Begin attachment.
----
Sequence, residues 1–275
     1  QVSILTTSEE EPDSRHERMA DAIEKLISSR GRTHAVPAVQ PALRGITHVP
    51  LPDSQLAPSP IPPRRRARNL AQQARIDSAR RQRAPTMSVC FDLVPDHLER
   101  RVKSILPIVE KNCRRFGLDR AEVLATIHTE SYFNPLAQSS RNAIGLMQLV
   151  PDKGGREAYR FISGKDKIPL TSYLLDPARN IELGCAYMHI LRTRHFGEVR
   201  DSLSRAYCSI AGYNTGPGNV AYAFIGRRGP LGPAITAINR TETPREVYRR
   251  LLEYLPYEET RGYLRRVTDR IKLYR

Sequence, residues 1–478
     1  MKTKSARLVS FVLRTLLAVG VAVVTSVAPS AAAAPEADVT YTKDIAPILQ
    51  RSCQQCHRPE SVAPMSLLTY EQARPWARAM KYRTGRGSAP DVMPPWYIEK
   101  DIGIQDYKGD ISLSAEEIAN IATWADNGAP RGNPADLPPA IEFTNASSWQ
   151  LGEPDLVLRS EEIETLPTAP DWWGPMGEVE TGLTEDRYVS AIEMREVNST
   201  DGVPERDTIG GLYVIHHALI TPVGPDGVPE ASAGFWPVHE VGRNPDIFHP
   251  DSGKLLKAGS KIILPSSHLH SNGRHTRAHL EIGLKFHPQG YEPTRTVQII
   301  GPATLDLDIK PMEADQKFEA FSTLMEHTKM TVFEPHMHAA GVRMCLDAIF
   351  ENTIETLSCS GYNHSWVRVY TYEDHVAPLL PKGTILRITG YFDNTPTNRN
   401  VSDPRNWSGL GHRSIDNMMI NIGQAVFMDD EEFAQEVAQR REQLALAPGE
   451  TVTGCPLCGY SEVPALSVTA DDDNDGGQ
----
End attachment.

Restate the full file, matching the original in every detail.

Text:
Sequence, residues 1–275
     1  QVSILTTSEE EPDSRHERMA DAIEKLISSR GRTHAVPAVQ PALRGITHVP
    51  LPDSQLAPSP IPPRRRARNL AQQARIDSAR RQRAPTMSVC FDLVPDHLER
   101  RVKSILPIVE KNCRRFGLDR AEVLATIHTE SYFNPLAQSS RNAIGLMQLV
   151  PDKGGREAYR FISGKDKIPL TSYLLDPARN IELGCAYMHI LRTRHFGEVR
   201  DSLSRAYCSI AGYNTGPGNV AYAFIGRRGP LGPAITAINR TETPREVYRR
   251  LLEYLPYEET RGYLRRVTDR IKLYR

Sequence, residues 1–478
     1  MKTKSARLVS FVLRTLLAVG VAVVTSVAPS AAAAPEADVT YTKDIAPILQ
    51  RSCQQCHRPE SVAPMSLLTY EQARPWARAM KYRTGRGSAP DVMPPWYIEK
   101  DIGIQDYKGD ISLSAEEIAN IATWADNGAP RGNPADLPPA IEFTNASSWQ
   151  LGEPDLVLRS EEIETLPTAP DWWGPMGEVE TGLTEDRYVS AIEMREVNST
   201  DGVPERDTIG GLYVIHHALI TPVGPDGVPE ASAGFWPVHE VGRNPDIFHP
   251  DSGKLLKAGS KIILPSSHLH SNGRHTRAHL EIGLKFHPQG YEPTRTVQII
   301  GPATLDLDIK PMEADQKFEA FSTLMEHTKM TVFEPHMHAA GVRMCLDAIF
   351  ENTIETLSCS GYNHSWVRVY TYEDHVAPLL PKGTILRITG YFDNTPTNRN
   401  VSDPRNWSGL GHRSIDNMMI NIGQAVFMDD EEFAQEVAQR REQLALAPGE
   451  TVTGCPLCGY SEVPALSVTA DDDNDGGQ